Therapeutic use of interferons

Side effects

Interferons are substances that are produced in the body and have potent biological actions. Many of the symptoms associated with acute viral infections are apparently caused by interferons that are produced in large quantities during the infection, since the symptoms can be reproduced after parenteral administration of exogenous interferon. The common side effects of IFN treatment i.e. the ?influenza-like? symptoms fever, chills, nausea fatigue, myalgia and loss of appetite are thus expected events that occur in most subjects, with a severity that depend on the dosage used. These types of side effects usually show a tendency to be less severe with time and are usually tolerable. Other side effects include mental depression which will prompt discontinuation of treatment, alopecia and weight loss. These side effects are, however uncommon, as is also appearance of thyroid dysfunction. The latter, that is associated with appearance of thyroid autoantibodies, usually disappears after cessation of IFN-alpha therapy. The risk for autoimmunity appears to be grater following treatment with IFN-gamma than with IFN-alpha, however, and IFN-gamma treatment has even been described to be associated with development of systemic herpes erythematodes.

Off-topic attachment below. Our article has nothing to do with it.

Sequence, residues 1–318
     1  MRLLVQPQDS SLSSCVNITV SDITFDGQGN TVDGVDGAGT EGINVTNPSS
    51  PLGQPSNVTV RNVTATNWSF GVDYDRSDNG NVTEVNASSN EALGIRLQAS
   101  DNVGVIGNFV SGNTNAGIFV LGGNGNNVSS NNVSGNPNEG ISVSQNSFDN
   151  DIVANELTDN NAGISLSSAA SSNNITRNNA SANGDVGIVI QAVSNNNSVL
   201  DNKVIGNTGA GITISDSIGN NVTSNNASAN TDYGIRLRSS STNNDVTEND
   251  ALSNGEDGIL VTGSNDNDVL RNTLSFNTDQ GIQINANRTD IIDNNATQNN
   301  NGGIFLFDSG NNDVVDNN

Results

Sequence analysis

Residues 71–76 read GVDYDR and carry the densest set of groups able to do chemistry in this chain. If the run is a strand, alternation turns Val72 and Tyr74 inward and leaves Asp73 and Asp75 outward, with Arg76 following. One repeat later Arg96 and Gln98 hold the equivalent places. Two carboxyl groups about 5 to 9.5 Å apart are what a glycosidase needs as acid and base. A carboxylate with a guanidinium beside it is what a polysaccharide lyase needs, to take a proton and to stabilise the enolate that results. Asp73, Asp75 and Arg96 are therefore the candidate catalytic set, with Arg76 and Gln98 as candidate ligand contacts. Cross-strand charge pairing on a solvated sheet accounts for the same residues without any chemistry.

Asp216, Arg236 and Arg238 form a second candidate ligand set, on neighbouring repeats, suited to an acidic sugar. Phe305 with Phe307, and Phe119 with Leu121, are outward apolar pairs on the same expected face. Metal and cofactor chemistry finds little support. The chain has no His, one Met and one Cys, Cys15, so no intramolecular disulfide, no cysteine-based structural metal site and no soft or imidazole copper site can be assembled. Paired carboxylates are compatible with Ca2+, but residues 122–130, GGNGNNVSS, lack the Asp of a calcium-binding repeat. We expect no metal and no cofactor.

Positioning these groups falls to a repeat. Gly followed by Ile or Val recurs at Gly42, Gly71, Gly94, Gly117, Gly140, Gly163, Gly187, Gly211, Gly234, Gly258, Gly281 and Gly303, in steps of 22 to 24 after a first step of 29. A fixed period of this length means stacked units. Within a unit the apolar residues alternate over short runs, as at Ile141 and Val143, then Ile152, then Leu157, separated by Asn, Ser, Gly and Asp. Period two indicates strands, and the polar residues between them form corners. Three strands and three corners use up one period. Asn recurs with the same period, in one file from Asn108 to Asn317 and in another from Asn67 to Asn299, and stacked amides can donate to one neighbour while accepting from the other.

Use of IFN-alpha in viral diseases

Acute viral infections

Several trials have been performed in acute viral infections most notably in upper respiratory infections. Since the peak of viral replication, and also the peak of the body?s own interferon response usually occurs simultaneously with or before the appearance of symptoms, therapy with exogenous interferon at this stage is not likely to markedly change the course of the infection. In accordance with this notion topical application of IFN-alpha in e.g. viral upper respiratory infections has not been considered to be worthwhile. In very severe acute infections, such as Lassa fever, IFN-alpha therapy has been advocated and in some cases claimed to be successful.